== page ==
ZPR1 was initially identified in the mouse (Galcheva-Gargova et al., 1996
). Human ZPR1 was found to be very similar to the mouse protein (Figure ). Examination of ZPR1 expression in other organisms identified homologues of ZPR1 in the budding yeast S. cerevisiae
and the fission yeast S. pombe
(Figure ). Gene disruption studies demonstrated that ZPR1 is an essential gene in fission yeast (Figure ) and budding yeast (our unpublished results). The lethal phenotype in fission yeast was complemented by expression of yeast or mammalian ZPR1 proteins (Figure ). The identification of ZPR1 as an essential gene that has been conserved during evolution indicates that ZPR1 serves a similar function in many cell types.
The ZPR1 protein is located in the cytoplasm of quiescent mammalian cells. However, in proliferating cells, ZPR1 translocates to the nucleus (GalchevaGargova et al., 1996
). The mechanism that controls the nuclear redistribution of ZPR1 in proliferating cells is not understood. However, it is possible that the interaction of ZPR1 with cell surface receptor tyrosine kinases may contribute to the cytoplasmic sequestration of ZPR1 in quiescent cells (Galcheva-Gargova et al., 1996
). Treatment of mammalian cells with mitogens causes the dissociation of ZPR1 from receptor tyrosine kinases and the translocation of ZPR1 to the nucleus. Whether the binding of ZPR1 to tyrosine kinase receptors in quiescent cells is mechanistically related to the cytoplasmic retention of ZPR1 is unclear. Interestingly, the nuclear redistribution of ZPR1 observed in mammalian cells is also observed in yeast. Thus, ZPR1 is a nuclear protein in proliferating yeast and is a cytoplasmic protein in growth-arrested yeast (our unpublished results). This observation indicates that the growth-associated redistribution of ZPR1 from the cytoplasm to the nucleus is conserved in mammals and yeast. This conservation of function suggests that the mechanism of nuclear redistribution of ZPR1 may also be conserved in yeast and mammals. It is likely that a conserved mechanism would not involve cytoplasmic retention by cell surface receptor tyrosine kinases because such molecules are not expressed in yeast. Clearly, further studies are required to define the mechanism of proliferation-associated nuclear redistribution of ZPR1 and to determine the significance of the interaction of ZPR1 with receptor tyrosine kinases in mammalian cells.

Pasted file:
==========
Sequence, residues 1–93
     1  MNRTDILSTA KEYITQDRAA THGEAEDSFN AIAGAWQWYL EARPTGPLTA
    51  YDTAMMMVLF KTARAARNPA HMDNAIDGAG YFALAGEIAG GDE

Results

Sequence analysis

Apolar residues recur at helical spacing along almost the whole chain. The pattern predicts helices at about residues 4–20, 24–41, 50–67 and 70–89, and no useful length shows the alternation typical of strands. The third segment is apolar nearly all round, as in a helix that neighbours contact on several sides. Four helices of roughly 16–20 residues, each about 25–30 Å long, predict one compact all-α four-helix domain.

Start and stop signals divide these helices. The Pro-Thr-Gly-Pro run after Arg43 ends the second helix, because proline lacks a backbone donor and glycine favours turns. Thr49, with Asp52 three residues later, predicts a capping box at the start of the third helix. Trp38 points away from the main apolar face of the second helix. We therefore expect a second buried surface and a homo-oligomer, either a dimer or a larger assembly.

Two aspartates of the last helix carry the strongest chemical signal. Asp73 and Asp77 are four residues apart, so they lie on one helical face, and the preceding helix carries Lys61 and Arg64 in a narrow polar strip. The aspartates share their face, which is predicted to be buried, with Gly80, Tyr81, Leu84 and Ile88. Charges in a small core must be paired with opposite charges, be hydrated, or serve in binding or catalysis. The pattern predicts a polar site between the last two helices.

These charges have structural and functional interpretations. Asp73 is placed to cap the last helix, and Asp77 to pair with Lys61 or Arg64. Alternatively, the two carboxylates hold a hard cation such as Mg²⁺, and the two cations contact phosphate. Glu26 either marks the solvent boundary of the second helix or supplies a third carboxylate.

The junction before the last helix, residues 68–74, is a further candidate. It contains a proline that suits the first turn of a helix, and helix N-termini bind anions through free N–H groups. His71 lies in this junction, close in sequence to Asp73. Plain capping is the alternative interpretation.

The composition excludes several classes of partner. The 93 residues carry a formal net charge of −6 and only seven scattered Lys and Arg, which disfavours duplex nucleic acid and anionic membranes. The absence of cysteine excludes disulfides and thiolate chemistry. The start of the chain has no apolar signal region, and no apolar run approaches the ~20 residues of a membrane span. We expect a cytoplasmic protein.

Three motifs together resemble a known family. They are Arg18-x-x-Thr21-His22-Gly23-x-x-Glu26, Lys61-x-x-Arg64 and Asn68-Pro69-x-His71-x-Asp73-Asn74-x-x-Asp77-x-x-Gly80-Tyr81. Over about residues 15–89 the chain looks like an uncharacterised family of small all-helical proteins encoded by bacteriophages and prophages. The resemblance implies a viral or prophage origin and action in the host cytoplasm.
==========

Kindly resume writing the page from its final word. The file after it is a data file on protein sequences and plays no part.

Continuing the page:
Immunofluorescence analysis demonstrated that ZPR1 is accumulated within a subnuclear compartment, the nucleolus (Figure ). Fractionation experiments demonstrated that ZPR1 was not an integral component of the fibrillar or granular compartments of the nucleolous (Figure ), suggesting that either ZPR1 is peripherally associated with one of these nucleolar compartments or is located in a distinct subregion of the nucleolus. However, the nucleolar location of ZPR1 required RNA, suggesting that nucleolar integrity was required for the accumulation of ZPR1 (Figure ). The movement of ZPR1 from the cytoplasm to the nucleolus in response to proliferative signals indicates that ZPR1 may have a signaling role. However, the nuclear function of ZPR1 has not been established by previous studies (Galcheva-Gargova et al., 1996
The major functions of the nucleolus are thought to be the transcription of rRNA genes, the processing of the pre-rRNA precursor to form mature rRNA, and the assembly of rRNA into preribosomal particles (Shaw and Jordan, 1995
). Because ZPR1 is a nucleolar protein that is essential for cell viability, a plausible role for ZPR1 is to contribute to one step in the process of rRNA expression. Consistent with this hypothesis, we found that the repression of zpr1+
gene expression in fission yeast caused a marked decrease in the level of pre-rRNA (Figure C). This decreased rRNA is likely to account for the growth arrest (Figure A) and decreased protein translation (Figure D) observed after repression of zpr1+
The results of the present study provide direct experimental evidence that the cytoplasmic protein ZPR1 redistributes to the nucleolus in proliferating cells and that ZPR1 is required for normal nucleolar function. Further studies are required to determine the molecular basis for the role of ZPR1 in these processes.